I travelled a long way, into the future perhaps or maybe it was the past? I went upwards through the clouds, whispy and white; translucent, misty, mysterious. Another land came in sight - a beautiful land of shining white shimmering in bright sunlight.
I saw a field of trees - a small forest, huge fir trees dusted in snow. Each tree was majestic, full of its own beauty and grandeur. They seemed to possess an almost magical quality. I let my arms wrap around one embracing its bark, its roughness. Although it was harsh to the touch it was strangely comforting too - like how I imagined embracing a smile would be. The tree had the glowing presence of a kindly stranger, offering a welcome to me. The scent of pine filled the air. Looking upwards I could see the tree reaching right up to the Heavens stretching onwards towards eternity.
All the while snow kept falling from the branches - bright, silver showers of miracles dusting me with tiny speckles of hope.
In the fairytale The Ugly Duckling a little duckling goes through life feeling that she doesn’t fit in anywhere, that there is something wrong with her and that she is odd in some way, an outsider and not like everyone else. Deep inside the little duckling believes that she is ugly and not worthy of love and affection. Believing this she begins to encounter situations that reinforce this belief.
Of course the delightful ending to the story is that the ugly duckling finally finds out that she wasn’t a duckling at all but rather she was a swan, adored and admired by many for her elegant beauty and grace. She had just been labouring under a false illusion that’s all.
I wonder how many of us can identify with that ugly duckling?
If we go through life believing that we are ugly ducklings then life will always feel challenging to us and we will always end up missing the true joy and exuberance that comes only through knowing what our true identity is.
I know about this first hand having battled with feelings of inadequacy most of my life. Even after realising that the lies I have been telling myself about myself (i.e. that I am not good enough etc) are just that - lies and not the truth - it can still be hard for me to switch mindsets and truly believe that I am the Swan and not the fictional ugly duckling I thought myself to be.
It is not always easy to see yourself as you truly are. This is when the help of a trusted friend can be beneficial. Often others see our true colours long before we do. If you are having a hard time seeing yourself in any positive, feel good way then it can be helpful to ask a good friend for their perspective on you. I guarantee that you will be surprised and warmed by what they see.
I have a lovely, dear friend who gifted me with a beautiful silver swan necklace as a reminder of who I truly am. As it hangs round my neck I touch it from time to time. In this way I am reminded of my true nature and value. I am eternally grateful for this precious gift and the friendship that accompanies it.
'This human being both
ugly duckling and silver
swan. Though we have mostly
forgotten our inner beauty, daily
silver wings pluck at
the heart strings of our
Learning to live from our Swan nature is an ongoing process and one in which we must be actively employed each day. We create our reality by what we give our attention to so it is up to each of us to develop ways in which we can attend to our Swan nature rather than the nature of the ugly duckling. Whichever nature we feed will grow and manifest in our lives. (Similar to the Navajo Indian story of the two wolves living inside us - only it’s two birds this time!!)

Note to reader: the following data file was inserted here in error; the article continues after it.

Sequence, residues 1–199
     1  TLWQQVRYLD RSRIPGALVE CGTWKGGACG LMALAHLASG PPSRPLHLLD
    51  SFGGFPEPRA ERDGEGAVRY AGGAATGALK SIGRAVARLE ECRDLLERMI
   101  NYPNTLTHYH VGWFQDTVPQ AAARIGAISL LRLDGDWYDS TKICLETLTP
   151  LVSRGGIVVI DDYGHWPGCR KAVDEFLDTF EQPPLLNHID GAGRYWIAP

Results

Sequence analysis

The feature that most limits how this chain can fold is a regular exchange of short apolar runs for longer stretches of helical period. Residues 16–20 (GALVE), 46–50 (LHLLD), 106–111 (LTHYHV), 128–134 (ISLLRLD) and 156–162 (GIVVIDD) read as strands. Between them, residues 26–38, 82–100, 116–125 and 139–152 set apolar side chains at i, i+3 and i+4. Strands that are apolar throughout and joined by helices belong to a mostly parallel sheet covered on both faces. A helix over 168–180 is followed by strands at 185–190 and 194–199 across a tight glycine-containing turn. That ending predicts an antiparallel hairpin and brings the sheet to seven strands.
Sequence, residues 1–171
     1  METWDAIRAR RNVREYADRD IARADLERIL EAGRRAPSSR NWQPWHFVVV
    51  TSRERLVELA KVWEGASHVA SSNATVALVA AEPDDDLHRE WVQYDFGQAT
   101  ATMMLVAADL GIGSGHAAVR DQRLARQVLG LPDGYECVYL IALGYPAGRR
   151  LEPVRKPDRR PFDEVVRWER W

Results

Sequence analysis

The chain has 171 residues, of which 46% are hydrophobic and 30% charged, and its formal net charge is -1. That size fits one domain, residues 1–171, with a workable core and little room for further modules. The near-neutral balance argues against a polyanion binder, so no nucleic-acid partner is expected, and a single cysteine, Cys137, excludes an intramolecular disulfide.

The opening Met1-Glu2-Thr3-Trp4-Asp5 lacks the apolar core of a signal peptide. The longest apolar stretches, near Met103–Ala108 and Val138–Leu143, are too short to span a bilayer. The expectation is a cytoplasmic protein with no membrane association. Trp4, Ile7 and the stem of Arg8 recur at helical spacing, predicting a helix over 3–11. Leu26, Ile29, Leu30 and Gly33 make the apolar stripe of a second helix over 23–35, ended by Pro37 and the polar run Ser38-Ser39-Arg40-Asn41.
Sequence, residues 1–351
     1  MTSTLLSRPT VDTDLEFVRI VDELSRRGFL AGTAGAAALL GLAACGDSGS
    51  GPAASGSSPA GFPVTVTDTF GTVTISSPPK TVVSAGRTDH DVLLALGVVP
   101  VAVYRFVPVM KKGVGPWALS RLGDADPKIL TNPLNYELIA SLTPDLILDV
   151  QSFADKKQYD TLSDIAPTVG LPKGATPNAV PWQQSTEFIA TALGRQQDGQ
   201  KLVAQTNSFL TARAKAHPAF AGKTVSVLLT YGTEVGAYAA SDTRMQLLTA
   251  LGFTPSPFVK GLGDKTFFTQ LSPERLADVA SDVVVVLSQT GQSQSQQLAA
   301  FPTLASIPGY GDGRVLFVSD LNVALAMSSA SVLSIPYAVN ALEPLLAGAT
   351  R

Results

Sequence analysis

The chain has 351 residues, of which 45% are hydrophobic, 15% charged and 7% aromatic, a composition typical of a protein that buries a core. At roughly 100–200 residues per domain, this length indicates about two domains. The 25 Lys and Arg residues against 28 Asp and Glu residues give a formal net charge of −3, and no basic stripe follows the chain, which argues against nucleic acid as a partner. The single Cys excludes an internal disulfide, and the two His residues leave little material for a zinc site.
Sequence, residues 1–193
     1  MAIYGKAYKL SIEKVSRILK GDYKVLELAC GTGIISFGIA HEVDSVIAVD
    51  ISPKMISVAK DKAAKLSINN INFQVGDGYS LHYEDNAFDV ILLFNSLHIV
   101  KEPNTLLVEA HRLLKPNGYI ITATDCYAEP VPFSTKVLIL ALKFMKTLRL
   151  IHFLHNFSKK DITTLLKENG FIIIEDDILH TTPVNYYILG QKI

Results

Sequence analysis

Oh and just as an aside - don’t think that we have to have all our drama’s and issues fixed before we can show up as swans. Remember that underneath the image of the serene swan floating on the surface of the lake are two legs paddling like crazy just to keep her there.
So a new decade is upon us and with it new opportunities. I don’t know if anyone else has noticed a certain feeling in the air? A feeling that is hard to put into words - a kind of blend of excitement, optimism, anticipation and hope? A feeling of empowerment almost?
To grasp this new feeling coming through demands that we can no longer do ‘business as usual’….especially where the environment and the future of our planet/humanity is concerned. As the old saying goes ‘If you always do what you’ve you’ve always done then you’ll always get what you’ve always got.’ It really is time for change!
And if we want things to change then we must change. If we want to see ourselves thrive, prosper and become the best that we can be then we must make some changes. If we want to see our planet thrive then we must treat it differently. There can be no more sitting on the shelf. No more procrastinating. No more moaning from the sidelines.
Ghandi is famous for saying that we must ‘Be the change we want to see in the world’. This change, I believe, goes beyond the usual round of new year resolutions that we tend to make in January and then forget by the end of the month. The change that is needed goes deeper than that. And it is not just change for the sake of change because we feel a bit bored with the ways things are. The change that is needed is radical. It is change with a very real purpose - that of helping ourselves, humanity and our planet to thrive.
For me the beginning of this new decade is sounding forth a voice calling me to action. I feel called to step things up a little, become more visible, more active, more proactive. Activism is something that I have almost always shied away from. My internal script has demanded that I stay below the radar, that I’m not seen, that I don’t step out of my comfort zone for fear of being hurt, laughed at, ridiculed or being found out to be inadequate in some way.
But my inner voice says differently. I want to make this decade count on many levels. I don’t feel I can any longer live in the shadows, playing small.